Nature
WHAT IS MAGNETORECEPTION AND HOW DOES IT WORK?

6 min read
WHAT IS MAGNETORECEPTION AND HOW DOES IT WORK?

Our robin population is partly resident and partly migratory

Magnetoreception is an ability to detect Earth’s magnetic field.

We’ve long known that birds can use Earth's magnetic field as a compass, but how do they see that field?

Magnetoreception has been a mystery that has plagued scientists for a long time. It has continued to elude us (as many secrets of the natural world do), despite creatures as varied as sea turtles, fishes, crustaceans, and insects also depending on it for navigation.

Science has had a hunch on magnetically sensitive proteins in birds’ eyes being the way that they see the field – they’re called cryptochromes – but proof that the proteins are up to the job of detecting Earth’s very weak magnetic field has been thin on the ground.

How we think it works

The magnetite method

The magnetite method is the map. Magnetite is an iron ore. As the bird changes direction, crystals of magnetite in their body that are aligned with the field exert a rotational force (torque) on mechanoreceptors (a type of sensory receptor) nearby, thereby signalling changes in body alignment.

This is good for recognising magnetic characteristics associated with a given location and can allow birds to work out where they are.

The cryptochromes method

The cryptochromes method is the compass to go with the magnetite map.

When cryptochromes absorb light, they form magnetically sensitive chemical intermediaries known as radical pairs.

The radical pairs react together and variation in the yield (amount) of the product (output) of their reaction could signal the bird’s direction with respect to Earth’s magnetic field.

This allows birds to sense the direction of their travel.

So, with magnetite and cryptochromes together, birds know where they are and which way they’re going.

The new cryptochrome

A cryptochrome known as CRY4 has emerged as the most likely candidate for magnetoreception.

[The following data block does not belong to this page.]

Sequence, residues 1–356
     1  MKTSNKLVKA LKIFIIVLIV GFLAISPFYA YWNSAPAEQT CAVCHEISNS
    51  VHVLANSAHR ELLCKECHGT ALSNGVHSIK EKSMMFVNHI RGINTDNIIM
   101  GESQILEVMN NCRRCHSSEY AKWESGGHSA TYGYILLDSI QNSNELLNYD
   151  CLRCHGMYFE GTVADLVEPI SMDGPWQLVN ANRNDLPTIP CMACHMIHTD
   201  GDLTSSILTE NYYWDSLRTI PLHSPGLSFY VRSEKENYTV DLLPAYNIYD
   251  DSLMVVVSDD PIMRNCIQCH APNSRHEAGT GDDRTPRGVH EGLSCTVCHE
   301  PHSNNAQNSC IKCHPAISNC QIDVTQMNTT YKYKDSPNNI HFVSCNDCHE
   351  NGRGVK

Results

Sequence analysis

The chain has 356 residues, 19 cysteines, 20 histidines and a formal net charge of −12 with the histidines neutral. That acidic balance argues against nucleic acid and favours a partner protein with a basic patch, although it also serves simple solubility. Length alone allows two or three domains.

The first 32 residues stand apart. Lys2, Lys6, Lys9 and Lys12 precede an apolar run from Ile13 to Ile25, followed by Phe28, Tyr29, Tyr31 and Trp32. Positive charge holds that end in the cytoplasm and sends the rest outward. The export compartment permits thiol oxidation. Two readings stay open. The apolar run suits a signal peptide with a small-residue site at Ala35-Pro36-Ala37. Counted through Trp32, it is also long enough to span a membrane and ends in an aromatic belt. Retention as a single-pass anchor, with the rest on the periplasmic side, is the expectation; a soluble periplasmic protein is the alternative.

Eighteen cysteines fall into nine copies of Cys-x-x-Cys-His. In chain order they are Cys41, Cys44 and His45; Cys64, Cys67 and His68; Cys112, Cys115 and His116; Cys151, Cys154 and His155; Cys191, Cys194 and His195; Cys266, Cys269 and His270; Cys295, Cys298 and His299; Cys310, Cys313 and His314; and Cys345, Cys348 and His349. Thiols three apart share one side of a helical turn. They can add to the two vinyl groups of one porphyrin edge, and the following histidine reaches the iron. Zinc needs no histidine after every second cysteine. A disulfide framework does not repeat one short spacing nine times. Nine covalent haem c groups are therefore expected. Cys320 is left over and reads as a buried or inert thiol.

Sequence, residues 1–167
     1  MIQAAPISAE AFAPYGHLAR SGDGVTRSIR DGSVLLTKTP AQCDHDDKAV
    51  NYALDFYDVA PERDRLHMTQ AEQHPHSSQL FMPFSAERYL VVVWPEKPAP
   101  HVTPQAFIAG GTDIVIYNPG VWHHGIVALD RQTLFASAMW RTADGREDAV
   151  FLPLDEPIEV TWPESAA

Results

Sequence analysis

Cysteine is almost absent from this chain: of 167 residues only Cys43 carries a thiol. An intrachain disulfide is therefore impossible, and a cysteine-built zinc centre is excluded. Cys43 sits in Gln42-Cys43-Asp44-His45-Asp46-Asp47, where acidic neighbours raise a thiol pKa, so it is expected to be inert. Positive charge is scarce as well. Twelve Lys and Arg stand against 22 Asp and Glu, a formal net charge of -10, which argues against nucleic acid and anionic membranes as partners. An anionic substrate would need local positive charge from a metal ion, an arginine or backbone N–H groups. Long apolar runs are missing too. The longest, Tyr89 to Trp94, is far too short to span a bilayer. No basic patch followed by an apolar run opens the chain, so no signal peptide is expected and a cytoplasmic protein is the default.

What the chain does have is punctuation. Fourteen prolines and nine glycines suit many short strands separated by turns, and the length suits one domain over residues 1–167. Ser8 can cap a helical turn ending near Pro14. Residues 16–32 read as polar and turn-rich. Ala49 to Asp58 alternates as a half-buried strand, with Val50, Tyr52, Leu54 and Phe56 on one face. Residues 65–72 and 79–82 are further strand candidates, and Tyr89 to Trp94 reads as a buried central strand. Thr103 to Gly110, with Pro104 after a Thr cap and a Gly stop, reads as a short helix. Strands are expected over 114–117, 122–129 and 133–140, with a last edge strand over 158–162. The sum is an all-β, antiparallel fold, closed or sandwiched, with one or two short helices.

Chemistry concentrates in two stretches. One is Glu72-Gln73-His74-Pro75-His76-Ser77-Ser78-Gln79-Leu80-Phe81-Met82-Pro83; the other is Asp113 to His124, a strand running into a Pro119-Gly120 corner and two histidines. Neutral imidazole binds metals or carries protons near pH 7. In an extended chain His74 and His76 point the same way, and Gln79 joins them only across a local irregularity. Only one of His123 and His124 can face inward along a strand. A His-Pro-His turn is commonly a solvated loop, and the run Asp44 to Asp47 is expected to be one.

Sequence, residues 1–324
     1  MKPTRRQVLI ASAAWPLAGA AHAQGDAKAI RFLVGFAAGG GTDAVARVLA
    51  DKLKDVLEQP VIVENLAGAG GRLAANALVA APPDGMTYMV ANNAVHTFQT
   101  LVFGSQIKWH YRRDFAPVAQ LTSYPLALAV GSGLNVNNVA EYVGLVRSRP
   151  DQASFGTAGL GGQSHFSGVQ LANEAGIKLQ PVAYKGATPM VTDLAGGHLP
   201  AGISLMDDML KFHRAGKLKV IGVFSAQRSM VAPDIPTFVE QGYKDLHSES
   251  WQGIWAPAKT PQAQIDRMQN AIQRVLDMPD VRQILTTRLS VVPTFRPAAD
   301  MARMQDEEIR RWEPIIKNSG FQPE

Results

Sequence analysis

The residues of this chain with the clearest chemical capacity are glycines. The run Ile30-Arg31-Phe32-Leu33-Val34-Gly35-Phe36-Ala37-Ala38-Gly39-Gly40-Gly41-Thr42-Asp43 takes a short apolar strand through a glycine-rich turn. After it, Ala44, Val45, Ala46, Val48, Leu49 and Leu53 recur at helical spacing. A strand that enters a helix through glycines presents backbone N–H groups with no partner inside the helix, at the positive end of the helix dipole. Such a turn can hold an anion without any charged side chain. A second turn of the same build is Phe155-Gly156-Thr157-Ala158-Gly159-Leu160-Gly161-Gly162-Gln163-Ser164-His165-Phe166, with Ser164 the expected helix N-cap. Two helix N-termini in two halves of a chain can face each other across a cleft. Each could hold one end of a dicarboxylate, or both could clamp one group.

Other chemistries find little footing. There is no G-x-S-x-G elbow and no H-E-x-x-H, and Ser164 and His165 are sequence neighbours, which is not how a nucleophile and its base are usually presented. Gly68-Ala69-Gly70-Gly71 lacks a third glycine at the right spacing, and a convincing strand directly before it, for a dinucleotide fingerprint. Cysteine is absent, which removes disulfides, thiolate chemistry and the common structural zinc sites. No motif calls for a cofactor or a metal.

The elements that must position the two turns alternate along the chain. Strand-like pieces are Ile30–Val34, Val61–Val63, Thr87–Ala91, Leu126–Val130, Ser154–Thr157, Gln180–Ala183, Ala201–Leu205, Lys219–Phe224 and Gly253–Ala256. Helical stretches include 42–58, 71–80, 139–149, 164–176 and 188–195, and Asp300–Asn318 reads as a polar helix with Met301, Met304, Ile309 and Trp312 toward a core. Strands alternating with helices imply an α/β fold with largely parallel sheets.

Scientists have found CRY4 in migratory European robins and non-migratory chickens. It’s on the retina – ideal for absorbing light – and increases in migratory robins near to migration time (but stays constant in non-migratory chickens), suggesting it has something to do with migration.

Xu et al made a breakthrough by demonstrating that CRY4 found in European robins can form radical pairs with high magnetic sensitivity – thereby surmounting the issue that Earth’s magnetic field is so weak. The magnetic sensitivity and product produced is enough to be viable as a way of detecting Earth’s magnetic field.

In the presence of light, the version of CRY4 called ‘FAD’ ends up with an off number of electrons. Electrons behave as tiny magnets, so having an odd electron makes the radical pairs intrinsically magnetic.

The scientific way of saying this is that: ‘the mechanism of this compass has been suggested to rely on the quantum spin dynamics of photoinduced radical pairs in cryptochrome flavoproteins located in the retinas of birds… Magnetic field effects on the coherent spin dynamics of light-induced radical pairs in cryptochromes are stabilized states of the protein that could initiate magnetic signalling’.

Amazing, if a little overwhelming. Perhaps for most of us it’s enough to marvel at the fact that a substance in the eyes of birds reacts with light in a way that allows the bird to sense Earth’s magnetic field.

Think of that next time you look into the eyes of a friendly robin.

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